At the beginning of February I was in Nairobi, Kenya for a course called, Being a Leader and the Effective Exercise of Leadership: An Ontological/Phenomenological Model. The course took place over seven days. Close to 100 people from 14 countries participated. It was really awesome.
At one point in the course, the leader asked us to consider our “life sentences.” Our life sentences comprise the boxes inside of which we live, breathe, and relate to the world. In a nutshell, mine is, “I’M NOT SAFE.” Because of my life sentence, I see much of life through a filter of safe or unsafe. My jail cell, as you might imagine, is not exactly expansive.
As we looked at our life sentences, we looked at moments in life when we decided we would never be enough of something. We specifically looked at decisions we made as children. I wrote:
I’ll never be as pretty as that girl (omitting names here).
I’ll never be as cool as those kids.
I’ll never be as rich as the kids from Circle Drive.
I’ll never be as liked as everyone else.
I’ll never be white.
That last one threw me for a loop. I’ll never be white? As if to confirm it for myself, I looked down at the skin on my arm. It was white. I’m white. But there it was—I’ll never be white.
I wrote some more. I’ll never be rich, goody-two-shoed, safe, perfect, or fake.
Wow. So that’s what I thought “white” was? And I decided when I was 10 that I would never be that?
What followed was a series of life-changing insights.
I went to an elementary school with students from a working-class neighborhood (where my dad lived), a wealthy neighborhood (where white kids lived), and Stapleton and Park Hill (where black kids lived). From my little kid perspective, none of the white kids had divorced parents, all of them were rich, and most of them didn’t really like me. I found over time I had more in common with black kids than I did with white kids. In fact, I kind of hated white kids.
That feeling grew as I went to middle and high school. I found myself connecting with more and more black friends and feeling very out of place with white people. Nothing about the experiences they were having seemed to match the experiences I was having, and I was clear I was not one of them.
Yet I was also clear that I wasn’t black. Sure, I had black friends, black mentors, and spent much of my time submersed in black culture, but I knew I wasn’t black. Simple comments like, “You’re cool for a white girl” made that crystal clear.
The result was that I never felt at home. I had no real sense of belonging, and I wandered through elementary, middle, and high school feeling very alone, depressed, and scared. To compensate for my experience (something we always do in response to our life sentences), I became independent, tough, and introspective. I longed to make it on my own, avoid rejection, and discover who I was. My methods of compensation led me down many paths in my life—some of beauty and some of pain.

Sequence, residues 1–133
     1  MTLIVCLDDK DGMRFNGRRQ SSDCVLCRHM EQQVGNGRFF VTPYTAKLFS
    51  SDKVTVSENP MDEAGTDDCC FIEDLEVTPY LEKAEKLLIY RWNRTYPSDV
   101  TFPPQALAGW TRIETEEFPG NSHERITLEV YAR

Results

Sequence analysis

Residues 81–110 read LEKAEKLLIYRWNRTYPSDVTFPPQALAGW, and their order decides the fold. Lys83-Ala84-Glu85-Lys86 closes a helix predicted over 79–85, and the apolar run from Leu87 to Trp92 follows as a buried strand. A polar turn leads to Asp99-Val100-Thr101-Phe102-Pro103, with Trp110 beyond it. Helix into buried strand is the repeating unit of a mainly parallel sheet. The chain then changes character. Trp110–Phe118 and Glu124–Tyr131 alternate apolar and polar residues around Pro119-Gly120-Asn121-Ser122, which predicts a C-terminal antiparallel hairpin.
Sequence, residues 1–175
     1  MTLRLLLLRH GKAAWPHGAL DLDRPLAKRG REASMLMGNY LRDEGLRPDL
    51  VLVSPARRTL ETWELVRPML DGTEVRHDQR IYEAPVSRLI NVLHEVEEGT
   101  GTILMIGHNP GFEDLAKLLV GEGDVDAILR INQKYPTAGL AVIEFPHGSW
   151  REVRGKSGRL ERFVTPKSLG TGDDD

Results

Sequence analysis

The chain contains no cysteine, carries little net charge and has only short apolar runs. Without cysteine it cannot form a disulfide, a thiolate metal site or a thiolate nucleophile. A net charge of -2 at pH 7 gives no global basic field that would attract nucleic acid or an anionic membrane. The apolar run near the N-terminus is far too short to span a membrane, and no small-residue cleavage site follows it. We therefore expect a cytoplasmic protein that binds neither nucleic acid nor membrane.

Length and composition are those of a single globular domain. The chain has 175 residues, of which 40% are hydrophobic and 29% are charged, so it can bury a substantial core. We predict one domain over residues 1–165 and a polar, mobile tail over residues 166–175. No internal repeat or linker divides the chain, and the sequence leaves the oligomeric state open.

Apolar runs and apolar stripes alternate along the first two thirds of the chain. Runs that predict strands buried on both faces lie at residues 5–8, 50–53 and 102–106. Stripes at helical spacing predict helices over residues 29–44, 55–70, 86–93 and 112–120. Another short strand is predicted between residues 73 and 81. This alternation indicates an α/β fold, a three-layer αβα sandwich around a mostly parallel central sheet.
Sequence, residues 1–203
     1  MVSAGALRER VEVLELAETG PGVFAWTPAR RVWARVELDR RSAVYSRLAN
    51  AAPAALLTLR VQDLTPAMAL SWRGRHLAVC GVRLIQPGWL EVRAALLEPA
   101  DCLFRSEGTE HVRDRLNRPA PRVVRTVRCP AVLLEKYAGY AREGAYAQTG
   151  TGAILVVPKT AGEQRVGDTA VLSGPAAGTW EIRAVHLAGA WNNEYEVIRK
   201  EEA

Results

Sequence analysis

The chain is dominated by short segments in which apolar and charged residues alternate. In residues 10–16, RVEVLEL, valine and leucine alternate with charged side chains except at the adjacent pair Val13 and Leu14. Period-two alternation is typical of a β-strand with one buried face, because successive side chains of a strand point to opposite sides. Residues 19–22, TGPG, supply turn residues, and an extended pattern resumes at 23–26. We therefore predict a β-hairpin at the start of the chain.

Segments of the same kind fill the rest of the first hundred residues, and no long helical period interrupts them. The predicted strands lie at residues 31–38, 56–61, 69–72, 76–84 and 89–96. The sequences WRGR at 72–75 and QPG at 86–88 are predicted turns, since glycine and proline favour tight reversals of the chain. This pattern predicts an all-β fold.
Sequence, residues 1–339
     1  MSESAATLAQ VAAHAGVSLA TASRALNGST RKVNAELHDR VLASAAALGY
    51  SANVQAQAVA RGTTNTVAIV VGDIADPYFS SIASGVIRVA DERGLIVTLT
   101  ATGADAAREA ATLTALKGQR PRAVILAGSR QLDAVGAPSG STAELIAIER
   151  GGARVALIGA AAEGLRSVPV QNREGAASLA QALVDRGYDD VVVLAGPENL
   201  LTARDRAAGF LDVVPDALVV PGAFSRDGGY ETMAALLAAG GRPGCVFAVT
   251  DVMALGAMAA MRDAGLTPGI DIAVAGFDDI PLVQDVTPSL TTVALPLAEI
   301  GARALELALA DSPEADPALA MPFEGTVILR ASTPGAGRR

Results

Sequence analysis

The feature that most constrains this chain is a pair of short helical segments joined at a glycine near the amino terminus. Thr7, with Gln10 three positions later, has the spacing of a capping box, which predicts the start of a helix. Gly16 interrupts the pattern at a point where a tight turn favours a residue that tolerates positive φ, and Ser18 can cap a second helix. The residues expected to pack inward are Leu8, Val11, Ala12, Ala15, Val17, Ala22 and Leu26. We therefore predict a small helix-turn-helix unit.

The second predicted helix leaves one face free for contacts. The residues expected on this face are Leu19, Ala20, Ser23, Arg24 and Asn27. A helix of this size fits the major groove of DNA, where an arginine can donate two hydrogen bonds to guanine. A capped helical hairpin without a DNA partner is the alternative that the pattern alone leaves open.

I shared this insight with my friends in the course and, on the last day, with everyone in the course. As I shared, I realized that not being white had served me well. It had lead me to understand white privilege and social injustice. It had sent me to school to study international affairs and political science. It had sent me to Africa, Spain, Italy, Greece, Turkey, Mexico, Peru, and Portugal. It had taken me to hip-hop and African dance classes. It had stirred in me my passion for human rights. It had allowed me to fall in love with people of various races and backgrounds. It had influenced me to embrace and be proud of my Lebanese and Greek ancestry. I had led me to be at home in virtually every country I visited. It gave me so much.
It also made me blindly racist. For as long as I can remember, in my mind, people of color could do no wrong. White people, meanwhile, were almost always wrong. They were the capitalists, the wrong-doers, the colonists. They were the ignorant, the rude, the brutal. They were the shallow, the wealthy, the opportunists. In my mind, they could do no right. People of color, meanwhile, were always innocent victims. Pretty disgusting, right?
Until I distinguished it in Kenya, all of this simmered just below the surface of my consciousness. I never would have guessed that I made the decision to never be white. I have lots of white friends, I love my white family members, and I even sometimes embrace that I’m half English! (Funny, right?)
But I could never fully be with white people. Furthermore, I could never fully be with people of color. I could only really be with my 10-year-old assessment of what it meant to be any particular race. Even with my hard-earned capacity to love and honor people, I couldn’t fully be with the real person right in front of me, in the moment.
And one of the impacts on me, as I also shared with the people in the course, was that I could never find my home. I could never feel that I belonged.
After I shared my insight with the course, one of my soul sisters approached me and said, “Annie Rose, you belong to the human race. The human being is your home.”
And indeed, that’s true.
It amazes me that we always have room for growth. I have an enormous capacity to be present with people and to be authentically loving. I’m distinctly aware of my prejudices and incredibly willing to take responsibility for them. I’ve spent a lot of years looking at myself and distinguishing my disempowering contexts and stories. I’m incredibly self-aware. (I’ve compensated for my life sentence, after all, by searching for who I am.)
Yet here I am, recognizing and peeling away yet another layer.
The liminal space is open for infinite adventure and exploration.
Beautiful, isn’t it?
In love and liminality,
(Here are some of my friends from the course. We spent 7 days digging into life with each other!)
Zolani and Meshack Olive and Olayide Ashley, Samuel, and Damaris